Ash Meadows Sky Ranch
“We were six prostitutes in a ranch house in the middle of the desert, isolated from the rest of the world, screwing frustrated and horny men for money. That was our life and as far as we were concerned it was as normal as Rice Krispies.” -Vickie Star, brothel owner
Vickie Star’s is a story of a woman who moved west from her Missouri farming upbringing and eventually ended up owning two separate Nevada brothels before retiring to live off of the money she saved from her years in the business.
Born to a Garrison, Missouri family in 1923, at age 16 Vickie received an invitation from her older sister to move into her apartment in San Francisco. Once in San Francisco, she enrolled in school to become a nun, but soon dropped out. A year later, while working at a donut shop, she met a regular customer, a well-known pimp, and soon took a bus to Reno, Nevada to get married.
Vickie, by her own decision, soon found herself working as a prostitute in a local house. During the World War II era, western houses existed in a legal gray area where vice enforcement allowed some of them to exist provided they kept out of trouble and made payments in some form in exchange for looking the other way. However these relationships were capricious and often short-lived. Over the next few years, Star would work in houses from Merced and Delano in California’s Central Valley to Stockton and Vallejo to Klamath Falls, Oregon and as far north as Seattle.
In 1948, Star moved to Winnemucca, Nevada about 150 miles northeast of Reno to consider purchasing a legal brothel, believing that Nevada’s legal prostitution would allow her to work without worrying about the intrusion of the police. However she quickly learned that the sheriff owned one of the town’s brothels and would close other houses if he felt that business at his house was too slow.
While on a road trip back to California, Star learned of the Korean War and of the increase of nuclear testing in southern Nevada. She immediately changed course and drove to Beatty, Nevada, a town about 100 miles north of Las Vegas not far from Jackass Flats where the military housed its personnel and tested its nuclear weapons. Feeling that the conditions and location were conducive to operating a brothel, Star bought a trailer about 2 miles north of downtown Beatty and changed the name to Vickie’s Star Ranch.
Eventually, flooding of the Star Ranch and personal affairs would lead Star to move from Beatty and buy one more brothel, composed of separate buildings that served as a bar, kitchen and restaurant, a guest hotel and a cabin with several bedrooms a desolate corner of Nevada near the ghost town of Shoshone, California. The brothel had once been owned by famed and notorious brothel owner, Joe Conforte (under which it had been called the Jolly Dolly). Ash Meadows Sky Ranch also had a lighted dirt airstrip adjacent to the property, which allowed clientele to fly in to visit.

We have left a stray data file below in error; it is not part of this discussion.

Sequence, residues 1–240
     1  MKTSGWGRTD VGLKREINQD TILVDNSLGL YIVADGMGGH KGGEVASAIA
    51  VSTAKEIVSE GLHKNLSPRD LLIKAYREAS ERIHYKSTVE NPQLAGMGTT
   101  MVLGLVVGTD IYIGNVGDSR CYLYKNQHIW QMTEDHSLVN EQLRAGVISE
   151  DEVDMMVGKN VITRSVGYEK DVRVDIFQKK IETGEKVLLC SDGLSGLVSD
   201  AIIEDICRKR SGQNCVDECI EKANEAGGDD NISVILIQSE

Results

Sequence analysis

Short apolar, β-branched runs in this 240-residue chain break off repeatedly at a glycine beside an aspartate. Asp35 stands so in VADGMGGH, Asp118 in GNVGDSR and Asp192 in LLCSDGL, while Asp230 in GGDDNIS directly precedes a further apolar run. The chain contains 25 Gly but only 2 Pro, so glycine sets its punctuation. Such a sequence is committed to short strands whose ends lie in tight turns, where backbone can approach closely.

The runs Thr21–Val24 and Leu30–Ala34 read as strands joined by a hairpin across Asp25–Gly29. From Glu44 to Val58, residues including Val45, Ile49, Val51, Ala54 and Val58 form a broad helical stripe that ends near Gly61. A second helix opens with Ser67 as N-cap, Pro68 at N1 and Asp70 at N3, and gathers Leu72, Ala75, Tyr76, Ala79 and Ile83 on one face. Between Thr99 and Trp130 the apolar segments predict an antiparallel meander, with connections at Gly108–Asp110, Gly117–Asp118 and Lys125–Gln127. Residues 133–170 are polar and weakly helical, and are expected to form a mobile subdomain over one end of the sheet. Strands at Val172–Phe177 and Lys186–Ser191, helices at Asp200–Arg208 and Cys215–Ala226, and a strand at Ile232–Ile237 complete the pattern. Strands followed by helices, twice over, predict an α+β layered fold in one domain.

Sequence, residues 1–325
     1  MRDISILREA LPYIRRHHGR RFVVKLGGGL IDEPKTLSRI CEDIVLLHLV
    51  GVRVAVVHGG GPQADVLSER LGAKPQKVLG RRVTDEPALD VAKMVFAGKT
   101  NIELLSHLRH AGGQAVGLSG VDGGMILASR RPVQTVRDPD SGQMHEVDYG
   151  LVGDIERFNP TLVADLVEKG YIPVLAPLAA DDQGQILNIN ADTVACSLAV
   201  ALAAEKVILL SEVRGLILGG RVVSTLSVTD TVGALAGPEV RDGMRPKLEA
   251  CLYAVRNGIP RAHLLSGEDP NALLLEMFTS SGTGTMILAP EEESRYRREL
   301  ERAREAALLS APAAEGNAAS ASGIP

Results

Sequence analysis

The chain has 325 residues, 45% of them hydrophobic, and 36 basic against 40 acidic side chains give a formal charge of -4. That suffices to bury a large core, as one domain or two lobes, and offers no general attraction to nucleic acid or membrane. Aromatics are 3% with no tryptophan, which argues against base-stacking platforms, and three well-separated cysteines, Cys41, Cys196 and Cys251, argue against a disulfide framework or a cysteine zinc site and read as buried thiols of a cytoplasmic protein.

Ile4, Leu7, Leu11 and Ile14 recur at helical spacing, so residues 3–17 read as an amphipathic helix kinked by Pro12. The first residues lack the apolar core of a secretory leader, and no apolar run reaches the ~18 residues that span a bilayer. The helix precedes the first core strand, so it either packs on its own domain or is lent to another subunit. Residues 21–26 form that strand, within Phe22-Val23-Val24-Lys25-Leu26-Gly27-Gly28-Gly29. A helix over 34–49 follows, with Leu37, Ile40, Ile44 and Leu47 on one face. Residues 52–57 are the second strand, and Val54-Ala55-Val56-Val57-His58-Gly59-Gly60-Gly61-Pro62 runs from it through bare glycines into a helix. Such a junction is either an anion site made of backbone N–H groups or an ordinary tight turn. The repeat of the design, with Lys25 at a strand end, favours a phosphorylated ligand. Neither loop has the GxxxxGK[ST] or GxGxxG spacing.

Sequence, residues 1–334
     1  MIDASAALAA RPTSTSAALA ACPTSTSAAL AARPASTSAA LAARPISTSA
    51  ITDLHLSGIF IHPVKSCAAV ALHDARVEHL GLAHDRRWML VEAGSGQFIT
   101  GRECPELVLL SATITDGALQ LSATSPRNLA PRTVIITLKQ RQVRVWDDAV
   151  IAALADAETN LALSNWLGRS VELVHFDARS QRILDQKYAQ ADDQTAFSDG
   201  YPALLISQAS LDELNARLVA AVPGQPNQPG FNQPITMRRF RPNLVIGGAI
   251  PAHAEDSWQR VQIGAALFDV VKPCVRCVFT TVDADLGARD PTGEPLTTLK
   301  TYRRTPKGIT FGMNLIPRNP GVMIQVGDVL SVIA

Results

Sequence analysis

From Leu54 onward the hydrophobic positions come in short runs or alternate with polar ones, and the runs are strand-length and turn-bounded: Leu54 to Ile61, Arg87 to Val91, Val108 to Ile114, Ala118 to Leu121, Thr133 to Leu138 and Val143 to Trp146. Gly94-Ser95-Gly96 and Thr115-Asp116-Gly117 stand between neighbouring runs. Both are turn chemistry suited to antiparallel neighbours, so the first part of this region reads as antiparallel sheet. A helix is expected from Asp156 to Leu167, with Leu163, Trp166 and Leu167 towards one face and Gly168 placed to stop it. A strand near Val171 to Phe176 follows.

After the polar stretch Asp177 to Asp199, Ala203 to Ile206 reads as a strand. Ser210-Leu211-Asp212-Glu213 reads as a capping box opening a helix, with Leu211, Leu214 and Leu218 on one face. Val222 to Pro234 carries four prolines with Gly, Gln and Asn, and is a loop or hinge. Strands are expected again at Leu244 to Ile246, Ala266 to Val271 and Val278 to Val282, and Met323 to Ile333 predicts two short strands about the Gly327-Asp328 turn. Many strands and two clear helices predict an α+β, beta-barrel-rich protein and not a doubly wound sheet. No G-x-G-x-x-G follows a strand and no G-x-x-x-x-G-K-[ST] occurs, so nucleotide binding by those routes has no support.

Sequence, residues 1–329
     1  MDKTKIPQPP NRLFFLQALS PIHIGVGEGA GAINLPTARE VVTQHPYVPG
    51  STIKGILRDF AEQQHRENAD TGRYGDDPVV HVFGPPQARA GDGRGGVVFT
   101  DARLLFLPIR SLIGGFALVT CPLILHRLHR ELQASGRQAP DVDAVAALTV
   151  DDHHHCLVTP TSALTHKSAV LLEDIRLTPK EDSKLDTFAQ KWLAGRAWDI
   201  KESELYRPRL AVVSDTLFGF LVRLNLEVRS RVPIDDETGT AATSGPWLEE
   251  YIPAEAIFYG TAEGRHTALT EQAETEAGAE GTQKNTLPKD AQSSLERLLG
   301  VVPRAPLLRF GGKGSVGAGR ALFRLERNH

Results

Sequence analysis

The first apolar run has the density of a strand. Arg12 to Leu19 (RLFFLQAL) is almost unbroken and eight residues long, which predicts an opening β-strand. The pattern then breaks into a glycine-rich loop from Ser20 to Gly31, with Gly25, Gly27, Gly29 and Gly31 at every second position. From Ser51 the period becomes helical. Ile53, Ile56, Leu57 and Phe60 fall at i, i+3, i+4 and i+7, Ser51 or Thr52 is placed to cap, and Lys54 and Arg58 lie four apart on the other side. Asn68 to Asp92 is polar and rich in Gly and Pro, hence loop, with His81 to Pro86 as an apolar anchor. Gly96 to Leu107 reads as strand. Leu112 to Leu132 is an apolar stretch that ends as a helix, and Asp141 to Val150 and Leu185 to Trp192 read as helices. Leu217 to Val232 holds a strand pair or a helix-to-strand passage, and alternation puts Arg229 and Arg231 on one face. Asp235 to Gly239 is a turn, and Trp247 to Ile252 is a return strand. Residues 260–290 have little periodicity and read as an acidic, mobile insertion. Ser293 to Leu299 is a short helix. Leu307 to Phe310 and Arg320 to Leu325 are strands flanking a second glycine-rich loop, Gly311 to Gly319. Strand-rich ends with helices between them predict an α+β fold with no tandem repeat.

During Vickie’s ownership, the county eventually refused to issue a brothel license due to the cost of traveling out to the rural location to provide the girls’ weekly medical inspections. This would lead to the closure of the Sky Ranch, which would never reopen as a brothel. Star also took this opportunity to retire from owning and operating brothels. She retired to Northern California, where she lived until she passed away.
Vickie Star’s book, Death Valley Madam, can be purchased here.
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Between 1966 and 67, a writer named Edward Abbey would often spend his afternoons at the Ash Meadows Lodge bar during his mid-day breaks driving a yellow school bus to shuttle children from Furnace Creek in Death Valley to high school in the town of Shoshone working on his manuscript. The man recounted his days working a summer job as the sole ranger in the then-named Arches National Monument in Utah over the course of several seasons during the 1950’s. During these afternoons, Abbey would work on his book, Desert Solitaire, speaking with the women who worked the adjacent legal brothel that shared ownership with the lodge and saloon.
“While waiting, I scribbled… In January 1968, on a dark night in a back alley in the dead of winter, Solitaire was released from its cage and turned loose on an unsuspecting public,” Abbey would later explain the release of the book.
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